Okay okay - I was feeling a lot of guilt...about my showerhead. My landlord replaced my really old showerhead with a beautiful, hand held, five setting one, which seemed to be a bit of a pig as far as the water was concerned. I kept thinking I should get something with "low flow", but I was just in so much bliss with this one.
One day last week I decided to figure out how much water I was using up during my morning routine, so I tested it with the calibrated bag from the water saver kits that the City sells. It turns out my beautiful showerhead is actually A LOW FLOW one! Yup - less than 2.5 gallons per minute. Yipeeeeee. I can go back to showering without guilt.
One Day at the St. Patrick's Day parade with the Design Nerds
Because I signed up my uncle to receive the One Day tips for 10 weeks, he's installed energy efficient lightbulbs and a programmable thermostsat in his house in North Van. He wasn't happy with me at first (because I signed him up without him knowing), but now he's happy to be saving money on his energy bills every month.
I have to give props to the people at Yellow Taxi for adopting hybrids into their fleet. I use taxis fairly often and can honestly say that part of my loyalty to this company as of late has to do with their use of the Toyota Prius. Plus, the cars are super quiet on the street, and if we had more out there the roads would be a lot more pleasant to drive along or live by.
We improved the EnerGuide rating of our 1930 home from 41 to 79 and we getting $2150 back from the government. The home is more comfortable and a lot cheaper to heat.
One day, people where I work at a large organization got together and built an internal website to promote 30 days of sustainabilty. Passion and teamwork led to action!
I'd never realized it before, but I used to be one of those people who kept the hot water tap running while brushing my teeth. I realized that if everyone in my household was doing this (i.e. my son, daughter, and husband) at least twice a day- that's a lot of water and heating energy being wasted! It was a simple and small step to ask the family to turn the tap off while brushing.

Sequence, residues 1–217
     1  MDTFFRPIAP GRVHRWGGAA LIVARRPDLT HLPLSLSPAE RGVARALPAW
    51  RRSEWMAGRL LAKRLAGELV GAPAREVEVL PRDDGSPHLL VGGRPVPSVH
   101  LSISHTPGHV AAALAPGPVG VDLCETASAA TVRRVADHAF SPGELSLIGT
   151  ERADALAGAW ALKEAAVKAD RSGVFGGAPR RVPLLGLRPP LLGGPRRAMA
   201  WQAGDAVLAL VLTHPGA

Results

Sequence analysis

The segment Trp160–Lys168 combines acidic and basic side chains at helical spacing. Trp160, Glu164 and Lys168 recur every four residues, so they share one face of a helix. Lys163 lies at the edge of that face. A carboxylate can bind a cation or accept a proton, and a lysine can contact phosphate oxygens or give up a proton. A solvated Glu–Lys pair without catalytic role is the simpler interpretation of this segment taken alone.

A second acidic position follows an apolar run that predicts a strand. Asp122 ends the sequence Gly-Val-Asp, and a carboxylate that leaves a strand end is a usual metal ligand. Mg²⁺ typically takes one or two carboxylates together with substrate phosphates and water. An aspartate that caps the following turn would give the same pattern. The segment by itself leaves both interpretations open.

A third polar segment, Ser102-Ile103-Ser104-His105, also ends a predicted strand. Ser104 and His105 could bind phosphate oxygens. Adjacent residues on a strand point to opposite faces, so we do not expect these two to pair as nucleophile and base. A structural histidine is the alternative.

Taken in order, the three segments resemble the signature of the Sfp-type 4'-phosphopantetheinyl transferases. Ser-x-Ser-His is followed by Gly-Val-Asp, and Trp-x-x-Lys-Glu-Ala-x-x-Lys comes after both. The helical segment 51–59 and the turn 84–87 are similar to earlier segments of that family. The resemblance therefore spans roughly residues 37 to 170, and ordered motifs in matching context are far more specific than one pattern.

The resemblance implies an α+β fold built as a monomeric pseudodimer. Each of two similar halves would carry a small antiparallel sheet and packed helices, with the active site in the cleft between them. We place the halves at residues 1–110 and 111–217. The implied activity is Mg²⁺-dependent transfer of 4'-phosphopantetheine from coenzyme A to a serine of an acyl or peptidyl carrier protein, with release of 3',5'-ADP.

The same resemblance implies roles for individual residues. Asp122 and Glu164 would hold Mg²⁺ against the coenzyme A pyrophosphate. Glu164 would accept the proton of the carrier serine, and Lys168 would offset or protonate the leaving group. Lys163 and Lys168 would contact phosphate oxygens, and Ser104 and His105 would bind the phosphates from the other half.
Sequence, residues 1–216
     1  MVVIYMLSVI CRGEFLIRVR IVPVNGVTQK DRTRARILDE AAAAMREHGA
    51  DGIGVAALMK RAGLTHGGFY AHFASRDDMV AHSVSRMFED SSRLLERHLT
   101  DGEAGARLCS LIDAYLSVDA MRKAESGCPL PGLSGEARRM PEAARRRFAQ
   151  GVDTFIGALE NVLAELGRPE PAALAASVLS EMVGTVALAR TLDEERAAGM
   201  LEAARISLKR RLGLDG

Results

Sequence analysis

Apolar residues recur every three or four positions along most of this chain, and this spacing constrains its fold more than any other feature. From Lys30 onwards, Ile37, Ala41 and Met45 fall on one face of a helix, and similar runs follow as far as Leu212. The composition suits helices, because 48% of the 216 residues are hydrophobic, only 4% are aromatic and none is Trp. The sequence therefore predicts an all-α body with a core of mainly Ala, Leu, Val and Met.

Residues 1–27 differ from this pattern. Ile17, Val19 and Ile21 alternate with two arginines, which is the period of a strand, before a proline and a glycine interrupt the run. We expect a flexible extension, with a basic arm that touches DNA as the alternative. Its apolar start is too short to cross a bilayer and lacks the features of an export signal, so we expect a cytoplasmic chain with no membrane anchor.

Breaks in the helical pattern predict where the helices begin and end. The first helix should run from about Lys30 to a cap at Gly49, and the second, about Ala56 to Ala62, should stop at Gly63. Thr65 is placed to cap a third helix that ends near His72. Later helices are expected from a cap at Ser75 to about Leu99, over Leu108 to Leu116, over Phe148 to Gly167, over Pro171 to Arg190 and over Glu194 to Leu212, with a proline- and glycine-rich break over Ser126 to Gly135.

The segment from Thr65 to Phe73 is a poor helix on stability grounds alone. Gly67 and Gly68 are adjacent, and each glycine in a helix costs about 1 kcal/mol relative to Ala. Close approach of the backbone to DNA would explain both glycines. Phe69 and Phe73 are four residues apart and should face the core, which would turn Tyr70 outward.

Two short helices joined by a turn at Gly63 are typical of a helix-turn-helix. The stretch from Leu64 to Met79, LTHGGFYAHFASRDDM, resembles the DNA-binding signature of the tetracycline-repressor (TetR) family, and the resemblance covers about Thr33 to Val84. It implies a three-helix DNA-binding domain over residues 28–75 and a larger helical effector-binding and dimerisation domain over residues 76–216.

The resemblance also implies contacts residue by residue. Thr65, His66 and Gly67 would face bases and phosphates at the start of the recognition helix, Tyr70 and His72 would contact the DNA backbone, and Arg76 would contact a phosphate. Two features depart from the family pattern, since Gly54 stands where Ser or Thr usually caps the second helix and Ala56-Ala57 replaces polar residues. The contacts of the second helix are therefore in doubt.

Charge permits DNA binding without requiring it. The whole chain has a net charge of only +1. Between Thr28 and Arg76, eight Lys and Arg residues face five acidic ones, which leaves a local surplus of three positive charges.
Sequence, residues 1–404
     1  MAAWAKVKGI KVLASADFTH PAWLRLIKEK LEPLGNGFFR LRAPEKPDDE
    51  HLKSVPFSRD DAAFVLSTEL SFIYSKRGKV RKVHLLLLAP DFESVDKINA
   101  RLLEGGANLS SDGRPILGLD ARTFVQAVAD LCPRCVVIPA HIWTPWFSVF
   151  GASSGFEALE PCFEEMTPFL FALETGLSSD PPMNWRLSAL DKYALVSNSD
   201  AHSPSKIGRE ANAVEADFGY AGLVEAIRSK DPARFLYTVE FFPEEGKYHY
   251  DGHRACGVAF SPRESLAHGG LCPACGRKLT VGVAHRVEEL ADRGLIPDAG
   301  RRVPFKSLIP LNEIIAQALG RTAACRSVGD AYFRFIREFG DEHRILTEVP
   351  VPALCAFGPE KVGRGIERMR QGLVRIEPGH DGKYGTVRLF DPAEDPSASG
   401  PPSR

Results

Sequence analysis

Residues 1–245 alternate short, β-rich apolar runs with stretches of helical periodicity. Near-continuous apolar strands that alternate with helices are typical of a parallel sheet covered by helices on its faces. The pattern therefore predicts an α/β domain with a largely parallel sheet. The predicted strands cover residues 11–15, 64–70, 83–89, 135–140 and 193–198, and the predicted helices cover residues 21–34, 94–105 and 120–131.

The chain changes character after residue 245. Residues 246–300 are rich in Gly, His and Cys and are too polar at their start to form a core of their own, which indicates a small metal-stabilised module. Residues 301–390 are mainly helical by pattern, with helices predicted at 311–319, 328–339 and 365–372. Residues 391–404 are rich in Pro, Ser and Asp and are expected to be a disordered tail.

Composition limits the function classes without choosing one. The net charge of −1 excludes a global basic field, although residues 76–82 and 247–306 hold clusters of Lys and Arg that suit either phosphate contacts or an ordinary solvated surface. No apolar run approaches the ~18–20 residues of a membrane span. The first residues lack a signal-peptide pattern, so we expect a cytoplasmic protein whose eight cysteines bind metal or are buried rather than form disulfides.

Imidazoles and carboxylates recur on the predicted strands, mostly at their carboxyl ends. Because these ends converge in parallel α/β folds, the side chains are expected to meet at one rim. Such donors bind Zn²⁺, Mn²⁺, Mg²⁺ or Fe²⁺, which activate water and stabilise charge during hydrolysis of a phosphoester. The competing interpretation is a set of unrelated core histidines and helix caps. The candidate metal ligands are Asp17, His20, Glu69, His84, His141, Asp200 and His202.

I was introduced to One Day through work (managing SoMa cafe). I installed energy efficient lightbulbs around my apartment and in general became more conscious about the energy being used by my roommate and I. So, the rule now is that lights are shut off when nobody's in the room and we keep as few things plugged in as possible. I've noticed the savings on my energy bill; every small step matters!
Tokyo does not yet have an orchestrated car-free day, but across the city back streets and a few major roads in shopping areas are shut off to motors on the weekends. Many streets around primary schools are also blocked to motor traffic during hours that kids commute to school (about 8-10am and 2-4pm) each and every day. It is fabulous.
Last week, Tokyo had the biggest dump of snow it had seen in 8 years. Roads (especially back streets) were blocked to traffic
throughout the city all day. It was so fantastic. Quiet, clean, and safe. I always thought it was the snow that caused the community to have that fantastic atmosphere when it snowed. It's not - it's the fact that the streets are reclaimed for a day. I can only imagine this is what it is like in Bogota. Fantastic.
Oh yea, I also recently noticed that a big delivery company here in Tokyo is also now using electric bicycles with trailers!! Fantastic.
Working with the One Day campaign over the summer helped me decide to pursue an environmental sciences degree when I enter university in the fall. I'd never really thought of it before, but I realized during the campaign that I'm very interested in this subject and I can make a real difference in the world through this area of study.
I'm in Torino for the 2006 Winter Olympics. Coolest thing so far? They have what they call ecological days here 4-5 days each year. No cars allowed on the streets – period. Substantial fines. Walking around yesterday was magical. The city was quiet, the energy was on a different frequency, and you could see the mountains. Amazing. And, nothing was really open b/c it was Sunday. So all people really had to do was hang out. Very cool.
Yoga on 7th does One Day
EnerGuide Success Story
Through the CoV "oneday" initiative I embarked on having my house
This means the government would give me a grant of $1117 if I follow